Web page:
3D Facial recognition is here
Ever wondered what would happen if you connected the technology that powers your Nintendo Wii or Kinect device to your smartphone?
As silly as it sounds on the surface, it may be happening sooner than you think.
The Kinect technology is powered in part by a 3D depth sensor.
This allows your systems to translate your everyday body movements into inputs for various games.
It appears that same technology is coming to smartphones as well.
In the works
According to a TechCrunch article on the matter, Apple, who had acquired a 3D sensor company back in 2013, may just add it to the upcoming iPhone 8. Android has already added a 2D face authentication feature as part of Android 4, so a 3D-based security upgrade seems more than a little logical.
The kicker in all this comes from Sony, one of the industry’s leading manufacturers of these sensors.
This feature was demoed, at the MWC tradeshow in Shanghai last week as sponsored by SoftKinetic, who are a wholly owned Sony subsidiary that engineer “camera sensor modules, running on a Sony Xperia smartphone and using facial recognition software from a Swiss company called KeyLemon.”
In fact, security is likely the name of the game with the 3D sensor as well; added to a front-facing camera, true facial biometric validation would be a reality. That same TechCrunch article points out a number of improvements that would come about with that addition.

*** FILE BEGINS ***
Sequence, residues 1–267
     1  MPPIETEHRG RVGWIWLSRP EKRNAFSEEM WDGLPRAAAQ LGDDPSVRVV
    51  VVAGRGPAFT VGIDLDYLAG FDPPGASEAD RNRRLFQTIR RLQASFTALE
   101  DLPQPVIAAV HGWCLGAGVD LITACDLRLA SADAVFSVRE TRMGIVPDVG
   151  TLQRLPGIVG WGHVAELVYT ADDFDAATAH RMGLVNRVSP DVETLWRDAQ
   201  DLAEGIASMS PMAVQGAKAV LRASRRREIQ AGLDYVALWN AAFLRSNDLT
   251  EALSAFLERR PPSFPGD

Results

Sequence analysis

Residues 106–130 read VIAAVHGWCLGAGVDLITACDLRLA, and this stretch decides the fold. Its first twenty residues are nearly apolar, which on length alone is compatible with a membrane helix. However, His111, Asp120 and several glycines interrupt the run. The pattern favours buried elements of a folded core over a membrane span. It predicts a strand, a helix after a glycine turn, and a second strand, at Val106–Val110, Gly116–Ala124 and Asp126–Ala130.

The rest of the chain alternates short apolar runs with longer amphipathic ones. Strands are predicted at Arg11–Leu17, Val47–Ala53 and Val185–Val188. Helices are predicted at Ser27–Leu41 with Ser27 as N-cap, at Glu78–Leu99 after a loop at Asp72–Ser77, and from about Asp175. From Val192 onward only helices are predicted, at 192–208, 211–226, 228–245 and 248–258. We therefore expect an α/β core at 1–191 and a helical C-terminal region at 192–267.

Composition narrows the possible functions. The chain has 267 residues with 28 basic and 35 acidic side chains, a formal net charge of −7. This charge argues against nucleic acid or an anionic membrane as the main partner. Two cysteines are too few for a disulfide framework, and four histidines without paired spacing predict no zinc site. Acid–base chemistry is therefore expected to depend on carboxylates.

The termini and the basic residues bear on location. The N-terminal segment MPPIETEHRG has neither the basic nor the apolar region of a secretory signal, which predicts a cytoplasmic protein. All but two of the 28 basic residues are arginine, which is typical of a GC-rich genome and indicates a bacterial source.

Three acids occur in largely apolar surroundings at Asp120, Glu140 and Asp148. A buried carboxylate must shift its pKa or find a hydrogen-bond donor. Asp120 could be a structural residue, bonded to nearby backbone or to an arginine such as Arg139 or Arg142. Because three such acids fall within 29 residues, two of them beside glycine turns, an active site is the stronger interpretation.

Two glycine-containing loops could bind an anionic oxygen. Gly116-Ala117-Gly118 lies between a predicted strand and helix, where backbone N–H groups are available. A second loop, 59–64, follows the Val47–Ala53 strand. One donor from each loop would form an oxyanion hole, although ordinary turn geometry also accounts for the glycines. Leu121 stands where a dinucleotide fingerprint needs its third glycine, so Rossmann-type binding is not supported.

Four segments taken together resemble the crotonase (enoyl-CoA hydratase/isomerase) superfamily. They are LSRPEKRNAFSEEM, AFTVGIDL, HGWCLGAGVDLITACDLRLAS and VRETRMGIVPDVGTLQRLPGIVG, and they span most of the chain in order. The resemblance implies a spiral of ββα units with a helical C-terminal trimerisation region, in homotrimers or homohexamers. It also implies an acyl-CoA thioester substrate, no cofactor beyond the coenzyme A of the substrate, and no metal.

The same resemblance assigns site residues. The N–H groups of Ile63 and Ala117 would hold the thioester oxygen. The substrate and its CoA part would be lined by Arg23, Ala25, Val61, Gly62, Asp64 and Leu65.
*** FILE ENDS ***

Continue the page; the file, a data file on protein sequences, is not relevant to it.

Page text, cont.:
Fingerprints themselves are far from perfect; in addition to being easy to fool, they can fail depending on how dry or wet your finger is.
Facial recognition doesn’t have those same issues. 3D is also harder to fool than 2D recognition, which can be passed using a photo. Furthermore, a 3D biometric has more room for flexibility; instead of having to stare perfectly straight on, the unique depth-based features of your face can be easily read and validated without compromising on its level of security.
That would ultimately make hands-free security even easier to bring to a mainstream audience.
Facial recognition isn’t just for security
What about applications outside of security?
Gaming seems the most obvious, given its root in home gaming systems, however, it’s unclear how much body movement a smartphone screen could capture, not to mention moving the device more than an arm’s length away makes visibility a challenge.
TechCrunch suggests “augmented reality selfies” as an alternative usage, which seems much more likely to me.
After all, social apps like Instagram and Snapchat are falling over themselves trying to create the most desirable, augmented picture and video experience using things like filter and text overlays.
Think of how much more epic those animal face videos could be with that tech built into the camera?
It could take the media part of social media to a whole new level.